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Cognitive radio networks (CRNs) have the potential to utilize spectrum efficiently and are positioned to be the core technology for the nextgeneration multihop wireless networks. An important problem for such networks is its capacity. We study this problem for CRNs in the SINR (signaltointerferenceandnoiseratio) model, which is considered to be a better characterization of interference (but also more difficult to analyze) than disk graph model. The main difficulties of this problem are twofold. First, SINR is a nonconvex function of transmission powers; an optimization problem in the SINR model is usually a nonconvex program and NPhard in general. Second, in the SINR model, scheduling feasibility and the maximum allowed flow rate on each link are determined by SINR at the physical layer. To maximize capacity, it is essential to follow a crosslayer approach; but joint optimization at physical (power control), link (scheduling), and network (flow routing) layers with the SINR function is inherently difficult. In this paper, we give a mathematical characterization of the joint relationship among these layers. We devise a solution procedure that provides a (1 − ε) optimal solution to this complex problem, where ε is the required accuracy. Our theoretical result offers a performance benchmark for any other algorithms developed for practical implementation. Using numerical results, we demonstrate the efficacy of the solution procedure and offer quantitative understanding on the interaction of power control, scheduling, and flow routing in a CRN.
Passive interference measurement in Wireless Sensor Networks,”
 in Proceedings of the 18th IEEE International Conference on Network Protocols (ICNP ’10),
, 2010
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SINR diagrams: Towards algorithmically usable SINR models of wireless networks
 In Proc. 28th Symp. on Principles of Distrib. Computing
, 2009
"... The rules governing the availability and quality of connections in a wireless network are described by physical models such as the signaltointerference & noise ratio (SINR) model. For a collection of simultaneously transmitting stations in the plane, it is possible to identify a reception zone ..."
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Cited by 15 (5 self)
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The rules governing the availability and quality of connections in a wireless network are described by physical models such as the signaltointerference & noise ratio (SINR) model. For a collection of simultaneously transmitting stations in the plane, it is possible to identify a reception zone for each station, consisting of the points where its transmission is received correctly. The resulting SINR diagram partitions the plane into a reception zone per station and the remaining plane where no station can be heard. SINR diagrams appear to be fundamental to understanding the behavior of wireless networks, and may play a key role in the development of suitable algorithms for such networks, analogous perhaps to the role played by Voronoi diagrams in the study of proximity queries and related issues in computational geometry. So far, however, the properties of SINR diagrams have not been studied systematically, and most algorithmic studies in wireless networking rely on simplified graphbased models such as the unit disk graph (UDG) model, which conveniently abstract away interferencerelated complications, and make it easier to handle algorithmic issues, but consequently fail to capture accurately some important aspects of wireless networks.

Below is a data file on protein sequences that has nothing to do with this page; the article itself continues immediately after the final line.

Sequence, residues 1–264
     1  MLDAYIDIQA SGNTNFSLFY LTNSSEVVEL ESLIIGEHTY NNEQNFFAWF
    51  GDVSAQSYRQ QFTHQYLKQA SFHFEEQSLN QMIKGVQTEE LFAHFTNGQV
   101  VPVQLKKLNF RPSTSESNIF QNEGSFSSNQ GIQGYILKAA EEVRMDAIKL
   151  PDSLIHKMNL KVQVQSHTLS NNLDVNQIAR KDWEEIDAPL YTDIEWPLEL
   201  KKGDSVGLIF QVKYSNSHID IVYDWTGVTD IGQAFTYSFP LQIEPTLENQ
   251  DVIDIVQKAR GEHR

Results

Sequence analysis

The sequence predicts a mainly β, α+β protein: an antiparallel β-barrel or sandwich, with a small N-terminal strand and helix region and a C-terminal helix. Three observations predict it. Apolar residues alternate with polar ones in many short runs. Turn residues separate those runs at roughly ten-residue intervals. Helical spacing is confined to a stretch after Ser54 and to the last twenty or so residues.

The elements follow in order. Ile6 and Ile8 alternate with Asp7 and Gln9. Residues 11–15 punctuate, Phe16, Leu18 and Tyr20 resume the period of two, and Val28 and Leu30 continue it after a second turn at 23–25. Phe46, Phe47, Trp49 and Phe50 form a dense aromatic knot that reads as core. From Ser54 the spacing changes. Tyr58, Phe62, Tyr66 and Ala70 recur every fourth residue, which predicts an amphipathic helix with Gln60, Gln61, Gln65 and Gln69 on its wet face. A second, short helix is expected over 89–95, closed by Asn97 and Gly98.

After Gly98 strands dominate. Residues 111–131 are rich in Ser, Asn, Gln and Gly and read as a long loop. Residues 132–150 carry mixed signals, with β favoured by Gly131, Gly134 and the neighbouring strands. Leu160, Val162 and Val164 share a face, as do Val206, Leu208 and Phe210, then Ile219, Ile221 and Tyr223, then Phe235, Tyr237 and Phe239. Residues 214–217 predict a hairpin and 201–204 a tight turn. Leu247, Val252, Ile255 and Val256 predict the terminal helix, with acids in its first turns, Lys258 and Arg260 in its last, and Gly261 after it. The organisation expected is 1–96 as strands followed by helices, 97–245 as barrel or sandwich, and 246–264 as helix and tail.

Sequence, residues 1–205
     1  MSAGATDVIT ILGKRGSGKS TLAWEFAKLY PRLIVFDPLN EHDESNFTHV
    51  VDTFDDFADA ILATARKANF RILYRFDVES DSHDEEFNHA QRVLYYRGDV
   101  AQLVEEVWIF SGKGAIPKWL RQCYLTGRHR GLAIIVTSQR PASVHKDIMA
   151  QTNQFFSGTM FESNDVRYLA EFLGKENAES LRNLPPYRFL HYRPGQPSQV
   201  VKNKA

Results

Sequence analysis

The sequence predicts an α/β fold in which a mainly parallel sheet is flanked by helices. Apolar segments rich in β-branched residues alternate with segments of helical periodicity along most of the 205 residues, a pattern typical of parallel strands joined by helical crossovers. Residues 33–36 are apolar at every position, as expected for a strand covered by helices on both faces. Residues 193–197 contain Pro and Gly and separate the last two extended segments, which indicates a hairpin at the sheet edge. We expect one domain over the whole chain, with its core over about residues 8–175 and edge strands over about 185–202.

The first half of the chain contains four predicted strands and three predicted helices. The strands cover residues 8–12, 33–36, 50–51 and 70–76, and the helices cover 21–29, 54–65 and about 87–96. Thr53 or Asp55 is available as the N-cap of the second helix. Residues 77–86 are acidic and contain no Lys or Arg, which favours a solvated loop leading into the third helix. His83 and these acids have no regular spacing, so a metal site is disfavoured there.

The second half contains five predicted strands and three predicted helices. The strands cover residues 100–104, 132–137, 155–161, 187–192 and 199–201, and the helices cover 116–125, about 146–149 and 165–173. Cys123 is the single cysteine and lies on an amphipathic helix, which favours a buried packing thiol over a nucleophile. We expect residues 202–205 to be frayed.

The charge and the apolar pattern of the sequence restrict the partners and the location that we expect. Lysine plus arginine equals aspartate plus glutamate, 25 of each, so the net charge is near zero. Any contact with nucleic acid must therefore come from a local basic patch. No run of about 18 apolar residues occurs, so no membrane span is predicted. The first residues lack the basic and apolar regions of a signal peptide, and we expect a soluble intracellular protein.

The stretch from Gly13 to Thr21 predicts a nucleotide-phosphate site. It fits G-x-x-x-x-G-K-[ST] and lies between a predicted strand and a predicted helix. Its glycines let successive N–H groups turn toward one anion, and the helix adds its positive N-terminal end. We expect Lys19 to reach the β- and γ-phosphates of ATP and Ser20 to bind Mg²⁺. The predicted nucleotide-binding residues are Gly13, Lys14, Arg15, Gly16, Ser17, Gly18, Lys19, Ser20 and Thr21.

Sensor networks continue to puzzle: Selected open problems
 In Proc. 9th Internat. Conf. Distributed Computing and Networking (ICDCN
, 2008
"... Abstract. While several important problems in the field of sensor networks have already been tackled, there is still a wide range of challenging, open problems that merit further attention. We present five theoretical problems that we believe to be essential to understanding sensor networks. The goa ..."
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Cited by 14 (0 self)
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Abstract. While several important problems in the field of sensor networks have already been tackled, there is still a wide range of challenging, open problems that merit further attention. We present five theoretical problems that we believe to be essential to understanding sensor networks. The goal of this work is both to summarize the current state of research and, by calling attention to these fundamental problems, to spark interest in the networking community to attend to these and related problems in sensor networks.